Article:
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Off the wall
Posted on February 6, 2018
Samantha Everett sees what others don’t. A subtle pinstripe here. A flicker of lace there. The hint of gold that brings an otherwise beige outfit to life. Like a forensic scientist, she finds in the details the stories behind the designs. She turns sleeves inside out, massages hems and parts layers to show how the garments in The Art of Wool would move on the body and in the breeze, pointing out an effect created by a heat-pressed mould, the synthetic fibre woven through the wool to create a particular quality of line, the shape formed by the cut and drape of a silky panel.
It’s more than a floor talk: it’s an exposé.
A small crowd follows Sam from room to room and aahs at every reveal. The big finale is out the back, where she’s simultaneously running a felting workshop: on every table brilliantly coloured fibres melt together into fabulous tapestries. It’s all part of a residency by the Manning Fibre Artists, a four-part collaboration of epic proportions, called I Wool If You Wool, specifically designed to compliment the exhibition, including eight demonstration days by a range of players orchestrated by Sam. It takes the wall project to new heights.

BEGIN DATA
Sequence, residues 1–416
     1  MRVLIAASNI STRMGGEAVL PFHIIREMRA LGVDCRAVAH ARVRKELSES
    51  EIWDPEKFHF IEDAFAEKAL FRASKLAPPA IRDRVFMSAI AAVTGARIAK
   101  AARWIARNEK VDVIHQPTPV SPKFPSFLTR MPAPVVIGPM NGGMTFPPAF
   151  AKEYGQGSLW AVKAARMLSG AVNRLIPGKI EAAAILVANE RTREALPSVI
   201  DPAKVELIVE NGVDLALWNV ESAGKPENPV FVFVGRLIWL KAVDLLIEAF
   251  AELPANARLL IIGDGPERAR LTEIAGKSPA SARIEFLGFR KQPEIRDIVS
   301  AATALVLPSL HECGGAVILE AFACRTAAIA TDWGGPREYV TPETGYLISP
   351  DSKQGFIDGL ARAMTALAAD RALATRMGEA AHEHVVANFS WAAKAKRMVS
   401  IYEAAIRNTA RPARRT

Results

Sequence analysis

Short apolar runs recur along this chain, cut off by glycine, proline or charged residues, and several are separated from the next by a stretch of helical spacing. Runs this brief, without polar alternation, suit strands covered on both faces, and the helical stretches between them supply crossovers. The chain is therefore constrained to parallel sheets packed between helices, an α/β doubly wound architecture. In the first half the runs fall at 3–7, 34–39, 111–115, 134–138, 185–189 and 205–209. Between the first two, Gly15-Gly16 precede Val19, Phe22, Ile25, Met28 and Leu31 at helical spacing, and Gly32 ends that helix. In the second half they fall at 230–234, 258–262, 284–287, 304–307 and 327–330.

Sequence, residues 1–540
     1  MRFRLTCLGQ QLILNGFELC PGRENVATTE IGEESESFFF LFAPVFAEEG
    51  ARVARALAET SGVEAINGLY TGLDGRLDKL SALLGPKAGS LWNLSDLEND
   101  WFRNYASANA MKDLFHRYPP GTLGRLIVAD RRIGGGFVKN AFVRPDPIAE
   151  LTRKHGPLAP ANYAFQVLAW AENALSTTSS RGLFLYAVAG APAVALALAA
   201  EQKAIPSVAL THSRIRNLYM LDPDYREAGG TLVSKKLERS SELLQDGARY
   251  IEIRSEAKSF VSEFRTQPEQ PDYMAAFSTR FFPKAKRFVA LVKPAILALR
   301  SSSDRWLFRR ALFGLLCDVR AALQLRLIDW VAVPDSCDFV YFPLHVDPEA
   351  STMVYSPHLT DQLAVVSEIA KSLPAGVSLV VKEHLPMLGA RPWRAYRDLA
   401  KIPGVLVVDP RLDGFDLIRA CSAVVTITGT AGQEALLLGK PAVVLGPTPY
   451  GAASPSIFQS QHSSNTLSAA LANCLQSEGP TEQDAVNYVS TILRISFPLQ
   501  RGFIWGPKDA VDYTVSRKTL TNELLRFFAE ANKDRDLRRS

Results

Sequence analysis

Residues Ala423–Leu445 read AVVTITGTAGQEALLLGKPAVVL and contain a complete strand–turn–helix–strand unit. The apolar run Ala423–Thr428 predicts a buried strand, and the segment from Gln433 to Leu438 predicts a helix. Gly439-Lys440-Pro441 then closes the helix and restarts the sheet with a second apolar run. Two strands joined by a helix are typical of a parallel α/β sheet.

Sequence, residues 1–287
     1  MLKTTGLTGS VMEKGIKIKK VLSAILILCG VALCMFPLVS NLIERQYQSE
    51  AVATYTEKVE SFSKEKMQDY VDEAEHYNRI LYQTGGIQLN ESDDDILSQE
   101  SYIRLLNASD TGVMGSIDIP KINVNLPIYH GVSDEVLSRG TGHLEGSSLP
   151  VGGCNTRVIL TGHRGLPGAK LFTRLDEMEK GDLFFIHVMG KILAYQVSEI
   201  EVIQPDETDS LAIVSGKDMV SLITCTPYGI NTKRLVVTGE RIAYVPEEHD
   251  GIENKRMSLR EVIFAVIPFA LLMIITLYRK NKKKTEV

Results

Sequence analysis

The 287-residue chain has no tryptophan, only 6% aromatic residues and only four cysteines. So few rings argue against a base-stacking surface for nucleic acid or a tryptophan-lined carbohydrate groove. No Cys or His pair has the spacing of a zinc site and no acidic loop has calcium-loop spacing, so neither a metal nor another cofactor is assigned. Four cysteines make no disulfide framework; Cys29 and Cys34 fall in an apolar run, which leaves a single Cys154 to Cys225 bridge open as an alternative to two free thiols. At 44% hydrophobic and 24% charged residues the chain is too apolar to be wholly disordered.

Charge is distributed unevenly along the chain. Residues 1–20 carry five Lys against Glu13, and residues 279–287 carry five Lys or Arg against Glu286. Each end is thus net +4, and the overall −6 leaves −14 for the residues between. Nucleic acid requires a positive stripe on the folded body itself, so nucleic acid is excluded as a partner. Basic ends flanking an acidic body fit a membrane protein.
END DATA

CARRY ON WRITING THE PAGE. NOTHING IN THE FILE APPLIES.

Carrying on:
Sam knows her stuff. She was apprenticed to Australian-Japanese fusion designer Akira Isogawa in Sydney, studied at the Glasgow School of Art (yes, the one designed by Charles Rennie Mackintosh) and has rubbed shoulders with the likes of Sass and Bide and Alannah Hill. Today Sam runs A Little To The Left, one of the sparkliest of hidden gems, a gallery studio/space on Victoria Street dedicated to supporting emerging artists, proving that a vibrant arts subculture is well and truly alive in the Manning Valley. Check it out at 121-129 Victoria Street, next to Taree Literary Institute.
And if you’re still keen to see The Art of Wool, make sure you get there in the next day or two: a new exhibition opens at 2 pm this Saturday. Even if you’ve already seen it, I can highly recommend a closer look.